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12 Reasons Why Your Cholesterol May Be High, Even if You're Vegan

Updated: 6 days ago

vegan quinoa burger

Embracing a plant-based lifestyle opens a wide world of culinary possibilities, from mouthwatering vegan pizzas to indulgent plant-based burgers. With a tasty array of options like vegan brie cheese and mushroom chicken, going vegan has never been easier. Even BBQs and ice cream socials are a breeze with BYOVF (bring your own vegan food). In today's convenience food landscape, fast-food joints cater to vegans too, reflecting a growing trend towards plant-based eating. Yet, despite the heart-healthy reputation of plant-based diets, cholesterol levels can still pose a concern for some vegans. In this article, we'll explore the dynamics of cholesterol in the body, how certain vegan foods might impact cholesterol levels, lifestyle habits that can influence cholesterol, and the significance of whole plant-based foods in maintaining optimal cholesterol levels.

What is cholesterol? 

doctor and patient

Cholesterol is typically associated with negative outcomes, however, it's actually an important compound your body makes on its own. Cholesterol is a fatty, waxy substance made by your liver and serves key functions in the body, including hormone and vitamin D production, as well as cell membrane formation. Despite its essential roles, excessive intake from external sources can disrupt the balance, leading to elevated cholesterol levels and heightened heart disease risk.

Understanding your cholesterol levels empowers you to safeguard your well-being. While there is not an ideal target blood level for LDL, the American Heart Association states that “lower is better.” Studies suggest that optimal total cholesterol levels are less than 200 mg/dL. Lifestyle choices, such as diet and exercise, play pivotal roles in maintaining ideal cholesterol levels. Two primary types of cholesterol impact heart health differently:

LDL (low-density lipoprotein), dubbed the 'bad' cholesterol, carries cholesterol throughout the body via apolipoprotein B, potentially leading to health complications when levels are high. Elevated LDL cholesterol serves as a key indicator of heart disease and stroke risk.

Conversely, HDL (high-density lipoprotein), referred to as the 'good' cholesterol, contains apolipoprotein A and facilitates the removal of cholesterol from tissues and transports it to the liver for disposal. Adequate levels of HDL cholesterol may contribute to heart health preservation.

For healthy individuals, target LDL cholesterol levels fall below 100 mg/dL, while HDL levels aim for above 50 mg/dL in women and above 60 mg/dL in men. For individuals with a history of heart disease, aiming for LDL levels less than 70 mg/dL may be best. Additionally, monitoring triglyceride levels, which should ideally remain below 150 mg/dL, is crucial, as both elevated triglycerides and LDL cholesterol, elevate the risk of heart disease.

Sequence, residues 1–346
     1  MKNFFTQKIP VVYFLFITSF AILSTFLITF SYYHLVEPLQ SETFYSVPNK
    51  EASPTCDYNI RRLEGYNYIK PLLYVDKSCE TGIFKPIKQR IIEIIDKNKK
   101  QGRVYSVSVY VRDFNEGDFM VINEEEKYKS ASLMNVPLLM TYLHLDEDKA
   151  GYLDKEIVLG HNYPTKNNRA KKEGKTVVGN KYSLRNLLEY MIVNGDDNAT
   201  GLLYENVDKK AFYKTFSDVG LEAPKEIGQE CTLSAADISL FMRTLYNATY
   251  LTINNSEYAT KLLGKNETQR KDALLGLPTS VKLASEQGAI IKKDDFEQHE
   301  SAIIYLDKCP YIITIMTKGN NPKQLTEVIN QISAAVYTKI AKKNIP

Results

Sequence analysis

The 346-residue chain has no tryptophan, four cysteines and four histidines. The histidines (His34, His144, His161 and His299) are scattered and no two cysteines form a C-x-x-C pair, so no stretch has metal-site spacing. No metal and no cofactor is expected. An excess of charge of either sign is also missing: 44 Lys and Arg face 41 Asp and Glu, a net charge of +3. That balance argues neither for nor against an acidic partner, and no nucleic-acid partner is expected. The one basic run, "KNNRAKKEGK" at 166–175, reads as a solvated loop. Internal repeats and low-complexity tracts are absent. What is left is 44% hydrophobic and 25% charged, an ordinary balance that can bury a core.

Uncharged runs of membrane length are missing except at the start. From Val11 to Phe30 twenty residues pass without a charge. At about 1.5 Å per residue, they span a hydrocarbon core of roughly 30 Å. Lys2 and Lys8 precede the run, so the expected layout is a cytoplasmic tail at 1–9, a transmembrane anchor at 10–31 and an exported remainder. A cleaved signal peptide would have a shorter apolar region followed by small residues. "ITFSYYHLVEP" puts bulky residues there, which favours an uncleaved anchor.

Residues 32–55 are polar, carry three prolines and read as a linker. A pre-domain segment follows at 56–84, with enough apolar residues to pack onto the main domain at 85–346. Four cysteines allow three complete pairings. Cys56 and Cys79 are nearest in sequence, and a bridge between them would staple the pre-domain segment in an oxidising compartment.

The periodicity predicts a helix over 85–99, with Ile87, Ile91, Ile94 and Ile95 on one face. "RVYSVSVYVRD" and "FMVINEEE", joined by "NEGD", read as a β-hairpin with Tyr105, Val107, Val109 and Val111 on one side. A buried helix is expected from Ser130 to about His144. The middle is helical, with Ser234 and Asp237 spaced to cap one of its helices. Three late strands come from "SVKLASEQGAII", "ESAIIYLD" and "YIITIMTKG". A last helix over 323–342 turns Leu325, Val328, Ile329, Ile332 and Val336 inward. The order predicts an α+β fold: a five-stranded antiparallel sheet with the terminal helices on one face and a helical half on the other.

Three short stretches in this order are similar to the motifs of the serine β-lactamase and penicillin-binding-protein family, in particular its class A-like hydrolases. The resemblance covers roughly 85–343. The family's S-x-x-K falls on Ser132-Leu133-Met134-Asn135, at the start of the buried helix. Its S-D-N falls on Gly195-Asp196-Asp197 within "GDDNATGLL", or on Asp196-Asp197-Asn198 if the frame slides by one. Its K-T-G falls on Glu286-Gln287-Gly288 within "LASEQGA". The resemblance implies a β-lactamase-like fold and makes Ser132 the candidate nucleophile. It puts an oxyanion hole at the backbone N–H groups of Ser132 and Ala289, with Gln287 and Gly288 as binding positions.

12 Reasons Why Your Cholesterol May Be High, Even if You're Vegan

healthy salad

Are you noticing stubbornly high cholesterol levels despite sticking to a predominantly plant-based diet? The culprit might lie in the realm of ultra-processed foods, plant-based alternatives, inadequate whole plant foods, or other lifestyle factors, some of which may surprise you!

Below, you will find 12 reasons why your cholesterol may be high, even if you're vegan and feel like you're doing all the right things.

1. You swapped out traditional meat and dairy for vegan meat and cheese.

Don't get me wrong, I will advocate for plant-based alternatives to traditional meat and dairy all day. Studies show that the dietary fiber found in plant-based meat may actually improve gut health compared to traditional meat. And, there is lots of evidence showing that plant-based foods fare significantly better for the planet since most plants require less resources to grow and contribute significantly less to air and fresh water pollution. However, many plant-based meat and dairy alternatives are made with coconut oil, which is loaded with saturated fat, the main type of fat that is also found in animal products and contributes to high cholesterol.

vegan sandwich
photo credit: Unsplash, roam in color

Plant-Based Meat and Cheese Tip

Swapping out traditional meat and dairy with plant-based meat and dairy may be better for health and is definitely better for the planet. However, limit consumption of these products to a couple of times a week rather than a couple of times a day.

2. You're consuming coconut-based vegan products.

Coconut cream, like coconut oil, is high in saturated fat, which can raise cholesterol levels. I totally get it, coconut is extremely delicious with an irresistible creamy mouthfeel. It's one reason why it's universally used in vegan foods. However, if you find yourself snacking on coconut-based kefir or yogurt several times throughout the day, you may be tipping the saturated fat scale. One cup of coconut-based kefir can have up to 18 grams of saturated fat!

Coconut-Based Yogurt and Kefir Tip

Opt for plant-based yogurt made with soy, almonds, or cashews instead of coconut. Or, if you really really love your coconut kefir or yogurt, work the saturated fat into your total saturated fat for the day, keeping your overall intake less than 22 grams (if you’re generally healthy) or 13 grams (if you’re preventing or reversing heart disease). (P.S. I'd be remiss if I didn't mention that my personal favorite yogurt is Cocojune, a coconut-based yogurt that is super rich and creamy. It's just worked into my day, along with whole plant-based foods. )